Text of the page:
Crude Oil Prices at Multi-Year Highs, Iran Protests Support
Investing.com – prices were hovering at multi-year highs on Tuesday, as unrest in Iran sparked concerns over potential supply disruptions in the region and as supply cut efforts by global oil producers continued to support.
The U.S. West Texas Intermediate crude February contract was up 13 cents or about 0.23% at $60.55 a barrel by 04:00 a.m. ET (08:00 GMT), the highest since June 2015.
Elsewhere, for March delivery on the ICE Futures Exchange in London was up 11 cents or about 0.16% at $66.99 a barrel, just off a nearly three-year peak of $67.29 hit overnight.
Iranian protesters late Monday, in their fourth day of demonstrations marking the biggest challenge to the country’s clerical leadership since 2009.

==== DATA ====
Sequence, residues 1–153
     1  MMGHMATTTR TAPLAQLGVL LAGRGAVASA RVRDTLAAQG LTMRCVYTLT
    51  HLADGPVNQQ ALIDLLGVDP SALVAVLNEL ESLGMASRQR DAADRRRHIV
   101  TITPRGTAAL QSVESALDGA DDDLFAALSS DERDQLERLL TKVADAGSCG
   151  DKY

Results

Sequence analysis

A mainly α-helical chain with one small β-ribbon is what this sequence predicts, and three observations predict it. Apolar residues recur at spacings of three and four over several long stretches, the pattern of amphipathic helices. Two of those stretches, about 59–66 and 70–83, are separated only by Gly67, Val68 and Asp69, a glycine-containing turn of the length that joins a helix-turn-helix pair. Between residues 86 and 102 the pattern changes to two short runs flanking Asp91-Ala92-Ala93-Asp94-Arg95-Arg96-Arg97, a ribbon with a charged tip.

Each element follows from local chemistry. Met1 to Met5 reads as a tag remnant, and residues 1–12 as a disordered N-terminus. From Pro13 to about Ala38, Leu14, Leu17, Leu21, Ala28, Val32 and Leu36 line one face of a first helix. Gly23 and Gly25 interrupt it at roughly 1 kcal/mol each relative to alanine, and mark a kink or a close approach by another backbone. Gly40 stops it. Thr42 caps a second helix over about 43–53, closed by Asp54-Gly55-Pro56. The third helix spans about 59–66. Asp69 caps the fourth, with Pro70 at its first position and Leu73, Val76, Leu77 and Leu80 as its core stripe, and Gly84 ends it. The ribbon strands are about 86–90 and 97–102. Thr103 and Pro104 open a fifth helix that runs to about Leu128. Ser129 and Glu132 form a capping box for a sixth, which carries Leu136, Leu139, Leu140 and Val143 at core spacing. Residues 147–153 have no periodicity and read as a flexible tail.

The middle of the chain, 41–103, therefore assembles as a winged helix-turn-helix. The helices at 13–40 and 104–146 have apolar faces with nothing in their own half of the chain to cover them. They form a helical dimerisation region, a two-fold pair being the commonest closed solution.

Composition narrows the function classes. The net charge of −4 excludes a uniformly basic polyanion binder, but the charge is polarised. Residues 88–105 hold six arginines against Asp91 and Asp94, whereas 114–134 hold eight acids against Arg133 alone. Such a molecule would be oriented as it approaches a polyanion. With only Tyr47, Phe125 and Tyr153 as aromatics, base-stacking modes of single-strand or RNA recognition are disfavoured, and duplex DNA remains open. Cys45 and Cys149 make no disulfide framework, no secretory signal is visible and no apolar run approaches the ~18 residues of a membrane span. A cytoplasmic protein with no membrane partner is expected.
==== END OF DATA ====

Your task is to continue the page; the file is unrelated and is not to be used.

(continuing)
Crude prices also continued to be supported by production cuts led by the Organization of the Petroleum Exporting Countries and Russia. The producers agreed in December to extend current oil output cuts until the end of 2018.
The deal to cut oil output by 1.8 million barrels a day (bpd) was adopted last winter by OPEC, Russia and nine other global producers. The agreement was due to end in March 2018, having already been extended once.
Elsewhere, were up 0.16% at $1.789 a gallon, while surged 2.10% to $3.015 per million British thermal units.
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